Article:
By ILAN BRAT
Mass marketer General Mills Inc. is carving out a niche in gluten-freefood after realizing it could reach eager customers without costly adcampaigns.
The company’s Betty Crocker brand is rolling out gluten-free mixes forcookies, brownies and cakes. The mixes are the first gluten-freeoffering from a major, mainstream brand in the cake-mix aisle. Gluten isa key protein in wheat, but many people react badly to it.
Ann Simonds, General Mills’s president of baking products, says thecompany decided to pursue gluten-free products last year after itscustomer-relations department noticed that customer inquiries about food allergies and sensitivities most frequently centered on whether items contained gluten.
“It used to be, as a marketer in the food industry, you needed a $50million idea to make the business model work,” says Ms. Simonds. “Today, you can meet an unmet need that will be a $5 million business . … That would be worth it for a company like General Mills.”
Last July, General Mills released a gluten-free version of its Chexcereal, and the company received thousands of grateful emails and phone calls.
Doctors increasingly are diagnosing Celiac disease — in which ingestinggluten causes the body to damage the digestive system. Moreover, a diet fad is focusing on reducing gluten consumption.
Although only about 1% of the U.S. population has Celiac disease,General Mills says its research shows about 12% of U.S. households want to eliminate or reduce their gluten intake, although some doctors say it’s nutritionally important for those who aren’t sensitive to it.
General Mills won’t disclose how much it’s spending for the gluten-freemarketing, but says it’s much less than what it normally dishes out fornational product launches.
The company’s move also reflects consumer goods makers’ growing use of digital tools to market less expensively to niche segments of consumers. In recent years, companies such as Procter & Gamble Co., candy-maker Mars Inc. and others have launched new products without marketing through TV, magazines or newspapers.
Instead, big marketers have relied on Web sites, toll-free numbers anddirect sales to customers such as doctors and specific retailers tointroduce some new products, says Alison Chaltas, a marketing consultant with Interscope LLC.
The Betty Crocker brand plans to spread the word by sponsoring onlinemarketing, advertising in gluten-free lifestyle magazines, andparticipating in gluten-related events. In early May, Betty Crockersponsored a booth at a Celiac Disease Foundation event in California.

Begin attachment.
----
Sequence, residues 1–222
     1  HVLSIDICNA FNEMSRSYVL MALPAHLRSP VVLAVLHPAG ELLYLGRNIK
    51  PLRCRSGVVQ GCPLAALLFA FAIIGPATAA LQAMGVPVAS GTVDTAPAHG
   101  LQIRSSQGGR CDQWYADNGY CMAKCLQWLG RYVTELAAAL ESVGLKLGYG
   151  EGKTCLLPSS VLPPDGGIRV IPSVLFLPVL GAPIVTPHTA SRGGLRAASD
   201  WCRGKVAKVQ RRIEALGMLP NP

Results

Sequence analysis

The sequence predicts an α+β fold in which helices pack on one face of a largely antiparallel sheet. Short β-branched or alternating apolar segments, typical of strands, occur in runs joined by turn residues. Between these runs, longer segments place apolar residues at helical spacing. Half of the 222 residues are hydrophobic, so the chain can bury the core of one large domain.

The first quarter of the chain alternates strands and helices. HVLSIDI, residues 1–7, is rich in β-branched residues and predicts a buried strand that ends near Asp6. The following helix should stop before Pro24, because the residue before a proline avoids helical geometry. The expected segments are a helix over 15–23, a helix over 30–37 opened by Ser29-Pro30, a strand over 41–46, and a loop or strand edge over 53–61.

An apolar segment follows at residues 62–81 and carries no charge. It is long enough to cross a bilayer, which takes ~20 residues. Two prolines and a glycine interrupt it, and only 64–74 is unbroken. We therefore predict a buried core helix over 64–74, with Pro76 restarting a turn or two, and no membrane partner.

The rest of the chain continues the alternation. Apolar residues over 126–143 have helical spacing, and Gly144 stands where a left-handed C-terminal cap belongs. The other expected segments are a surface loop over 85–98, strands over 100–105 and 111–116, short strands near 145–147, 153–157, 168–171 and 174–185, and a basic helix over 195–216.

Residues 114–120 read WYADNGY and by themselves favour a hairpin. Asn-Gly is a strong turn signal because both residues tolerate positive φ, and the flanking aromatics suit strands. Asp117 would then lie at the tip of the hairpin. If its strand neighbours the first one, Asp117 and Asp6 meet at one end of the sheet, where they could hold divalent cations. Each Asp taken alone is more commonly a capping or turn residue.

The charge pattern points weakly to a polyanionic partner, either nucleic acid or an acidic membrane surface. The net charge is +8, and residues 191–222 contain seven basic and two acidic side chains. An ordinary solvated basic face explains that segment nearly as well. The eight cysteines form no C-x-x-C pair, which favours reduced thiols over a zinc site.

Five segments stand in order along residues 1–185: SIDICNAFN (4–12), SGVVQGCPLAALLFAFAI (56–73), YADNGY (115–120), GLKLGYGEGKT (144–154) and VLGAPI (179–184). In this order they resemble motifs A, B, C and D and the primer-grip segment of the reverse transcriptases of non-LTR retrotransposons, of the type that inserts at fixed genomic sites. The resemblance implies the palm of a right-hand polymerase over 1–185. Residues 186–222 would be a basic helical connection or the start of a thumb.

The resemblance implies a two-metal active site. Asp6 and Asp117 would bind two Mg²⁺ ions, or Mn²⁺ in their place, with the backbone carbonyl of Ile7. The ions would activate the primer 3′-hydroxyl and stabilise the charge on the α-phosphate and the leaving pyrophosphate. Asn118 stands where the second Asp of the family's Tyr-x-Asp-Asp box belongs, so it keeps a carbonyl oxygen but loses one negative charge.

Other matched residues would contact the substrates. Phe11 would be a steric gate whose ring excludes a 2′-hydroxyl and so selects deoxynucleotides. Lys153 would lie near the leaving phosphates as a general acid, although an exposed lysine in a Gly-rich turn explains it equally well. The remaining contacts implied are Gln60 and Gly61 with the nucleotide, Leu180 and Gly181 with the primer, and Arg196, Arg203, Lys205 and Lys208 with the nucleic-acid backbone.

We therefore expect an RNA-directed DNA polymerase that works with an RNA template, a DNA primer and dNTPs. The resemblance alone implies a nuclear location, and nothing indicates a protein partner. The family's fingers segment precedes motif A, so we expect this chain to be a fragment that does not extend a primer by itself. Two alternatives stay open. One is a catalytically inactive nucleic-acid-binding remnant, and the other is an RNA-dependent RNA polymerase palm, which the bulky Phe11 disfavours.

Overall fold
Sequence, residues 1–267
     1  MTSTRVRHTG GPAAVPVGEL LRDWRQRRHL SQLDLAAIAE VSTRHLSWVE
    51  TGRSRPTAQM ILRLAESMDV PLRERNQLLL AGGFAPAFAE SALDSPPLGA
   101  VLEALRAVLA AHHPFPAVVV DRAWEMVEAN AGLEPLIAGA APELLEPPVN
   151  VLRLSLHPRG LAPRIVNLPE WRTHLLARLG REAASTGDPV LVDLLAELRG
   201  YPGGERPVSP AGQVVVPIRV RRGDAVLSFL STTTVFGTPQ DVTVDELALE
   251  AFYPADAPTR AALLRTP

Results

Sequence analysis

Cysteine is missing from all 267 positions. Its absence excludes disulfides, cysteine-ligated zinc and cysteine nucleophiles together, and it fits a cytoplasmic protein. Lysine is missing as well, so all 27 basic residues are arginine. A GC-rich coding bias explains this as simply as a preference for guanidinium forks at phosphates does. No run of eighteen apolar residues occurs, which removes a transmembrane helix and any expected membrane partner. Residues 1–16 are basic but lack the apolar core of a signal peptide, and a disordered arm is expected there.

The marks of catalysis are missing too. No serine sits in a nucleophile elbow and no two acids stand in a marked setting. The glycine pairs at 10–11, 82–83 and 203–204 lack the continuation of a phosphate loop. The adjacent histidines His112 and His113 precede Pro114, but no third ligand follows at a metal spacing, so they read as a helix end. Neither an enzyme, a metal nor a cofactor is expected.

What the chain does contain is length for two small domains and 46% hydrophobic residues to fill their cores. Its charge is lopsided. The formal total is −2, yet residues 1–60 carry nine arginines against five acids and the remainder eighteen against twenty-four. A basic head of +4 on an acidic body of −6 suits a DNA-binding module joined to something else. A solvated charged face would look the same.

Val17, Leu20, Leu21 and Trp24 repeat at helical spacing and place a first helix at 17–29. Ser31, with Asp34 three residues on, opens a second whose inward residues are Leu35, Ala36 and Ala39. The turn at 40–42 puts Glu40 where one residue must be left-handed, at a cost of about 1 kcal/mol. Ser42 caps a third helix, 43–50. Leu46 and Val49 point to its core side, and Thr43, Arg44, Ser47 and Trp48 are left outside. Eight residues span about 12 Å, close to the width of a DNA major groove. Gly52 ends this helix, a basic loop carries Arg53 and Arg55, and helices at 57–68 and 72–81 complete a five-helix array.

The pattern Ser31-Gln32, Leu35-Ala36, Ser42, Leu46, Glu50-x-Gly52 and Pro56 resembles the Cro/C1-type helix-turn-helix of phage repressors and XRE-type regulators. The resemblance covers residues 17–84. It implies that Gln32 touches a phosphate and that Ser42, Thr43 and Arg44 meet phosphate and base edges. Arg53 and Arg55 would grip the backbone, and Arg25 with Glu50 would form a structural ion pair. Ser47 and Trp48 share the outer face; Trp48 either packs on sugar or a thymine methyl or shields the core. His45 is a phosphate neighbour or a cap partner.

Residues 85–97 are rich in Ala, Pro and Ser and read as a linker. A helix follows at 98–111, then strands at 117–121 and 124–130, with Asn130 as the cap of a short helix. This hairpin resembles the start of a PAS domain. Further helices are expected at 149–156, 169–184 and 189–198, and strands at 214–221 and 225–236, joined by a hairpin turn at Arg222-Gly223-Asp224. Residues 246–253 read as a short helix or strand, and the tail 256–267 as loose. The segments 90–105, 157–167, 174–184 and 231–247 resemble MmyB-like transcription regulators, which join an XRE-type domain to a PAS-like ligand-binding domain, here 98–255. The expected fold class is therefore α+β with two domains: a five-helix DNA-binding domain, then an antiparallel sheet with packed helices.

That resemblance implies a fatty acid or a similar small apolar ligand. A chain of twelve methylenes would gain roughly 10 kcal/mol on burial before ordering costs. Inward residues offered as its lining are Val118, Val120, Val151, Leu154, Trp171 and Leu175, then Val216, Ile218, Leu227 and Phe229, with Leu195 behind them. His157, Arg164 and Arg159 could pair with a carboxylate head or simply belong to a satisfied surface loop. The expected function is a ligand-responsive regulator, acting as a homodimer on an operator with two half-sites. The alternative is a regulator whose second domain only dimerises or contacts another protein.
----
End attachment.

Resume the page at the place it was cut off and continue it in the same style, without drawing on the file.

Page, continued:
The company paid for product links to show up more prominently whenpeople search “gluten-free birthday cake mix” and “gluten free dessertmixes” on Google. The company also sent hundreds of product samples to bloggers who write about Celiac disease, motherhood and related issues.
General Mills, which reported higher-than-expected fiscal fourth quarterearnings per share of $1.07 on Wednesday, plans to launch more than 50 new products — the gluten-free items among them — in the first half of the recently started 2010 fiscal year.
Even though retailers have been focusing on trimming products from their shelves recently, the new gluten-free products could get a welcome reception. “Gluten has increasingly become an area of dietary focus and concern for consumers, and we want to ensure our stores are able to meet their needs,” says Haley Meyer, a spokeswoman for grocery giant Supervalu Inc., some of whose stores are now carrying the new Betty Crocker products.
Currently, mostly small food companies supply gluten-free products.
Producing gluten-free cookie, brownie and cake mixes that consumerswould recognize as Betty Crocker products wasn’t easy. Gluten in wheat flour makes dough springy, helps cakes rise in the oven, and keeps cookies together. Most traditional baked goods contain at least 30% wheat flour.
From September to December, General Mills food scientists baked morethan 1,000 pans of brownies, cookies and cakes while conducting about 75 experiments with different formulations, says Jodi Benson, director of baking products research and development.
In initial experiments with yellow cake, the rice-flour mix wouldn’trise, leaving flat, dense and moist matter in the bottom of the pan, Ms.Benson says. The mix needed something to trap air.
They tried removing some water, substituting butter for oil and uppingthe egg ratios among other things to get the batter to rise in the oven.
After adding testing procedures in its own factories to assure agluten-free environment, General Mills is rolling out the new mixesacross the country. The mixes will sell for about $2 more than thetraditional Betty Crocker mixes.
“We refer to [the customer base] as narrow but deep,” says Dena Larson, marketing manager in the baking products division. “This may be the only brownie [a customer] buys.”